With the surge of misleading content online, helping your child learn to become an independent thinker is no small task.
While schools have been charged with developing students’ digital literacy skills, parents also have a role in consistently sparking deeper thinking when navigating digital environments.
The sharper a child’s digital literacy skills, the more quickly he or she can identify biased agendas and deceptive content and form thoughts, insights, and opinions independently of the digital crowd think.
Here are a few conversations to focus kids on building up digital literacy skills.
7 conversations to build digital literacy skills
- Grow visual literacy. The world expresses itself through media today, which makes visual literacy (the ability to interpret art and media content) another must-have skill for kids. According to recent reports, Snapchat has 10 billion video views a day, Facebook video 8 billion views a day, YouTube video 5 billion views. Instagram reports its users upload 25 million photos every day. This visual tsunami increases the chances your child will encounter deep fakes (AI-enhanced video), malicious memes (false information placed on photos) designed to manipulate public opinion. Discuss: Learn ways to spot deep fakes with your kids (stray hairs, no blinking, eye movement, etc.). Additional resource: Watch and discuss this video and read the post Can You Spot a Deepfake? from LifeHacker with your family.
- Search with care. Search engines scan the web and bring up relevant content. However, not all that content is credible. Understanding a search engine’s function is essential, especially when your child is researching a paper and evaluating other content. Search engines rank by keywords, not content accuracy. Ask: Is this content credible and supported by legitimate sources? Is it presented as humor or an opinion piece? Is the URL authentic and trustworthy? Additional Resource: Common Sense Media’s video Smart Online Search Tips.
- Protect, respect privacy. Kids, fueled by emotion and impulse, often move around online with little thought to personal privacy or the privacy of others. Discuss: Talk about the basics often: Where are the privacy gaps in our technology? Where are there privacy gaps in my behavior? How can we create strong passwords? Are my privacy settings current? Do I have personal details in public view, either on profile info or in my posts? The other side of privacy: Respect friends’ privacy by asking permission to post photos, keeping personal secrets, and never sharing personal details or circumstances of another person in the online space.
- Recognize and respect points of view. The web is a big place with an ocean filled with different points of view. Part of becoming digitally literate is learning how to listen to and respect the opinions of others. Exercising this skill is essential to building empathy, eliminating cyberbullying and online shaming, and becoming a positive voice in the online space. Additional resource: Discuss Dr. Michele Borba’s blog post, 9 Habits of Empathetic Children.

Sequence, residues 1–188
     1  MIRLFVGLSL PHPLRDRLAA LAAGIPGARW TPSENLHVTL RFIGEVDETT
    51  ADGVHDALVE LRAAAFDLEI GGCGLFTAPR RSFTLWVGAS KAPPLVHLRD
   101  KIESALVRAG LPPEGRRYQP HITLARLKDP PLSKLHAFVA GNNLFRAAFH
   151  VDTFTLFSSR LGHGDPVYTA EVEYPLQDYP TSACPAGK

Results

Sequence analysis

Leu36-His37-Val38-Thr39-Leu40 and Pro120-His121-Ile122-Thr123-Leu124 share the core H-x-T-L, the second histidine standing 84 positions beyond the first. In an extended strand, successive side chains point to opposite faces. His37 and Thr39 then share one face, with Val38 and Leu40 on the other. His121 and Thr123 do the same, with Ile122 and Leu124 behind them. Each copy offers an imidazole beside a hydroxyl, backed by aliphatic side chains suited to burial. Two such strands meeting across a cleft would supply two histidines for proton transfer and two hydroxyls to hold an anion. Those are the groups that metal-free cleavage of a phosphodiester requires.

- Always attribute content. The internet is a big place that showcases a variety of exciting, valuable, original content. However, that content doesn’t display a visible price tag. Therefore, great content is often re-shared without giving credit to the author or creator. Discuss: Talk about the value of a person’s art, writing, photos, and research. Find examples of how to correctly cite sources and share them with your child. Follow up by checking your child’s social feeds to see that sources are being cited correctly. Coach them to add attribution when needed. Additional resource: Go through this free, 5-day course for families from CyberWise on Digital Citizenship.
- Always consider your digital footprint. A digital footprint is anywhere we’ve personally connected online. These small digital breadcrumbs — when added together and viewed as a whole — are what others see, and consequently, believe about us. The parts of our footprint include social profiles we create, comments we leave, tweets, photos, or any time others mention us online. Ask: Is this photo something that will add or subtract value from my digital footprint? Will this post, photo, or tweet affect my chances of getting into college or competing for a job? Will I be proud of this post five years from now? Additional Resource: Author Sue Scheff’s blog post Online Reputation Reboot for Teens.
- Stay current with new technology. It’s more so adults than kids that need to make a larger commitment to new technology. Part of digital literacy is keeping up with current technology and preparing for future technology. By making this learning investment, we can better understand the origin of new technologies such as AI and spinoff trends such as deep fakes. Educating ourselves on the nuances of tools such as vlogs, audio, video, AR, AI, 3D printing, and machine learning is essential to navigating the current and future landscape. Additional resources: Consider subscribing to magazines online to get you rolling: TechCrunch.com, TheNextWeb.com, DigitalTrends.com.
Like other areas that require time and consistency to develop, your child’s digital literacy skills will take time to mature. So, have fun with these conversations. Look for real-life examples to talk about, and don’t forget to celebrate the wins you see your kids achieving online.
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